Right to repair legislation, like the SMART Act, limits unfair repair restrictions that restrict consumer choice.

When it comes to repairing their cars, some Americans prefer quality parts from independent manufacturers because they are affordable. Others like that parts from these alternative suppliers can be more sustainable. Still, others like that alternative parts are recommended by their trusted auto body shops.

No matter why Americans prefer alternative parts, what matters is that they should have a choice.

Choice gives consumers freedom to make decisions that are best for them, and it drives competition that lowers costs, fosters innovation and creates jobs.

Alarmingly, repair restrictions on cars and other items have been skyrocketing in recent years. Part of this is due to original manufacturers’ restrictions on data. And some of it is due to the fact that manufacturers have been increasingly misusing design patents to crowd out competitors in the marketplace.

All of this has contributed to rapid price increases for repairs. In fact, according to the U.S. Bureau of Labor Statistics, vehicle repair costs are up more than 60% since 2000.

Right to repair is a growing, consumers-first movement in Washington and across the states to protect Americans’ ability to choose how to fix and maintain the products they purchase. The SMART Act (H.R. 3664) is one critical measure in this push. It will put a stop to design patent misuse and allow independent parts manufacturers to offer consumers quality, affordable options for basic car components – like mirrors, fenders, and doors.




Automakers have drastically increased the number of design patents they’ve applied for over the past 20 years – roughly 250% in at least one case.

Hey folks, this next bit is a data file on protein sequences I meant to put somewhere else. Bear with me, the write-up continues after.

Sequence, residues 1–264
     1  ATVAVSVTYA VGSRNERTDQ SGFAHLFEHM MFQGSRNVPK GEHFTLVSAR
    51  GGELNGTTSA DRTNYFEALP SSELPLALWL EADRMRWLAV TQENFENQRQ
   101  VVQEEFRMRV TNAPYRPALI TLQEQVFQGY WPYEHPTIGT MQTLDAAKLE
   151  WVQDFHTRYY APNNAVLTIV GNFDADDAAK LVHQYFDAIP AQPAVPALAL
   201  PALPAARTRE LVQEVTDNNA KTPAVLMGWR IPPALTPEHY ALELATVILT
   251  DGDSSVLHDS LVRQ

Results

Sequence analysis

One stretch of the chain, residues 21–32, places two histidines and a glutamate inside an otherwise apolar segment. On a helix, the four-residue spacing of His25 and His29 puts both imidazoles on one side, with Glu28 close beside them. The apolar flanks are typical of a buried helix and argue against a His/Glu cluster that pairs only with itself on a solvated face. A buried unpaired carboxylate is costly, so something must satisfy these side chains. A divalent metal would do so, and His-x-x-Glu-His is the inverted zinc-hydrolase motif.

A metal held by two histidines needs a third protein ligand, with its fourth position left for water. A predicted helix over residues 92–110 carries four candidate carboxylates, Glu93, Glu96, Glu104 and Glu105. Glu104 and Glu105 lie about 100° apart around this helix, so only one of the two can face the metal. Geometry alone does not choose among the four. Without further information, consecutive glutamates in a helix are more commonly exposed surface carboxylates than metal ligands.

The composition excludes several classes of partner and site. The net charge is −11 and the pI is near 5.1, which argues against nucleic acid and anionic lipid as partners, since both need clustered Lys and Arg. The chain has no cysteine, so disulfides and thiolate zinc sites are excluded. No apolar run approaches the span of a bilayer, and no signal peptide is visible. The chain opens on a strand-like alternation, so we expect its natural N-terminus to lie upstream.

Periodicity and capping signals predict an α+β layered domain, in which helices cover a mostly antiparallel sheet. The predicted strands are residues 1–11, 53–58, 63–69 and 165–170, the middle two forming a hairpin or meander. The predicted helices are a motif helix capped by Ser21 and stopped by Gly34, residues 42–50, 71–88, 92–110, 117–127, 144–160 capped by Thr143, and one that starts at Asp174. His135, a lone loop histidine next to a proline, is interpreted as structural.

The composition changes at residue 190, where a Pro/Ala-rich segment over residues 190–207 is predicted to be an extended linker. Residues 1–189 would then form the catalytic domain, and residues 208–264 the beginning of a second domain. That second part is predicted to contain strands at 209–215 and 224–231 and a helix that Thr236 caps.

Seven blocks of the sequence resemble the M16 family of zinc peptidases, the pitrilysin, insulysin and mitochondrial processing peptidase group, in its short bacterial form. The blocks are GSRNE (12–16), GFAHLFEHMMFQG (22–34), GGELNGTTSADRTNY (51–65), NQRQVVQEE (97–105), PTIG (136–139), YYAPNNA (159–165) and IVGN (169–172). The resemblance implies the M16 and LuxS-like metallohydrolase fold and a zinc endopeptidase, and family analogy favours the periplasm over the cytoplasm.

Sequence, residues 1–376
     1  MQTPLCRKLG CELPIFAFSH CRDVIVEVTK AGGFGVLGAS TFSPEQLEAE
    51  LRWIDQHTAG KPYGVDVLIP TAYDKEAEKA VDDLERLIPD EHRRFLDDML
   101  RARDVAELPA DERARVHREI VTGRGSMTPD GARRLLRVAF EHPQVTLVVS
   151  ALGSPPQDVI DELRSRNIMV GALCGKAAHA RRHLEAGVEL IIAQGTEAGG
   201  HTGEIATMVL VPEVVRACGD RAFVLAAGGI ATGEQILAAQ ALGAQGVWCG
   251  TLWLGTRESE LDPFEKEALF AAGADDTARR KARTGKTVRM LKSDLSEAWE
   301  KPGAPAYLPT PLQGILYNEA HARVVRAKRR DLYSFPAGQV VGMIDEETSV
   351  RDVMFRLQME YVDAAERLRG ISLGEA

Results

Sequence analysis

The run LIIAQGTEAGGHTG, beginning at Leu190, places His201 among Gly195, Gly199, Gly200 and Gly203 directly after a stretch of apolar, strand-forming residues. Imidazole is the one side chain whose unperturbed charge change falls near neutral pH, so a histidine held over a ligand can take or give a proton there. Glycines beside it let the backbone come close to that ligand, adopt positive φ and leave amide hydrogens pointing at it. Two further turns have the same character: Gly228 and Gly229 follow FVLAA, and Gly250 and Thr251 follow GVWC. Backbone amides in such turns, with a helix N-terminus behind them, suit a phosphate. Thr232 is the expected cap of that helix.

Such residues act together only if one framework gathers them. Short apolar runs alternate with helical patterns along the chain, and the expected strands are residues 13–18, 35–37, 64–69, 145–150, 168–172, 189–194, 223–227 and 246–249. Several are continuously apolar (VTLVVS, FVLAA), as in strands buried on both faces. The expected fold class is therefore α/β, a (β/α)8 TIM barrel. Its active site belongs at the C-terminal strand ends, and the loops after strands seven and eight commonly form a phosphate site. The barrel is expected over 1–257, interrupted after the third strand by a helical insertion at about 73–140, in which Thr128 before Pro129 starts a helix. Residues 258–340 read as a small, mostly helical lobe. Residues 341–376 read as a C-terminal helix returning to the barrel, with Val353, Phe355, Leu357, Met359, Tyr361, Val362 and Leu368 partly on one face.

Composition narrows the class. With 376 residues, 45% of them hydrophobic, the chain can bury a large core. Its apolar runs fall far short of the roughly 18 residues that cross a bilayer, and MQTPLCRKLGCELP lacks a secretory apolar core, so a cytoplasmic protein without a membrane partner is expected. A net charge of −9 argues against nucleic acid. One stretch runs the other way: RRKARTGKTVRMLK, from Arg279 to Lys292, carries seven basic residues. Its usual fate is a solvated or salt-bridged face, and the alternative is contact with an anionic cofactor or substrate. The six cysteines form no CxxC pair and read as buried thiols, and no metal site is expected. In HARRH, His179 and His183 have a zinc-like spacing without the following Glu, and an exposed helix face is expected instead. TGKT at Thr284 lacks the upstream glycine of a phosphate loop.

From 2000-2019, design patent applications increased by 156% outpacing the 73% growth in utility patent applications.




Aftermarket auto parts support the livelihood of more than 40,000 body shops nationwide.



The U.S. automotive aftermarket industry generates approximately $400 billion in annual revenue and employs more than 4.7 million people.



For more than 60 years, the aftermarket parts industry has been offering quality aftermarket auto parts to consumers, typically 15-50% less expensive than non-patented repair parts from automakers.



Independent auto repair shops perform 75% of aftermarket auto repairs, while only 25% are performed by dealerships.



In 2020, 91% of independent auto repair shops reported a decrease in revenue.


  1. Patent Technology Monitoring System (PTMT), “U.S. Patent Statistics Chart Calendar Years 1963 – 2020,” U.S. Patent and Trademark Office, May 2021,

  2. “The Fight to Preserve Consumers’ Right to Chose Where and How to Repair Their Vehicles,” The CAR Coalition, February 16, 2021,

  3. “Data Submission for the Federal Trade Association (FTC) Workshop ‘Nixing the Fix’,” Automotive Body Parts Association, April 30, 2019,

  4. “Industry Access and Control of Vehicle Data,” Automotive Aftermarket Suppliers Association,

  5. Bedgood, Larisa, “A Look at Trends and Statistics in the Automotive Aftermarket Industry,” V12 Data, May 24, 2018,

  6. Hogg, Christine, “91% of independent automotive repair shops report decreased revenue, study finds,” Auto Service World, December 14, 2020,

The SMART Act Protects Consumer Choice

The SMART Act (H.R. 3664) is bipartisan legislation, currently sitting before the House Judiciary Committee, that will amend U.S. design patent law to reduce the time to 2.5 years that original auto manufacturers can enforce design patents against alternative parts manufacturers. Currently, automakers have a 15-year window to enforce design patents on auto parts such as fenders and doors, and other parts, crowding out competition.

In addition to the CAR Coalition, which includes American Property Casualty Insurance Association (APCIA), Automotive Body Parts Association (ABPA), AutoZone, and LKQ, the SMART Act is supported by the Consumers for Auto Reliability and Safety Coalition, National Association of Mutual Insurance Companies (NAMIC), Auto Care Association, RetireSafe, AARP, and more.  

Tell Congress to Protect Your Right to Repair

The time to act is now. Americans have a right to own their car’s data, the right to have their car repaired at independently-owned repair shops that are as equally equipped to service them as any auto dealer, and the right to choose the parts they want.

The SMART Act (H.R. 3664) is a key bill to restore consumer choice and lower repair costs. Contact your members of Congress to voice your support.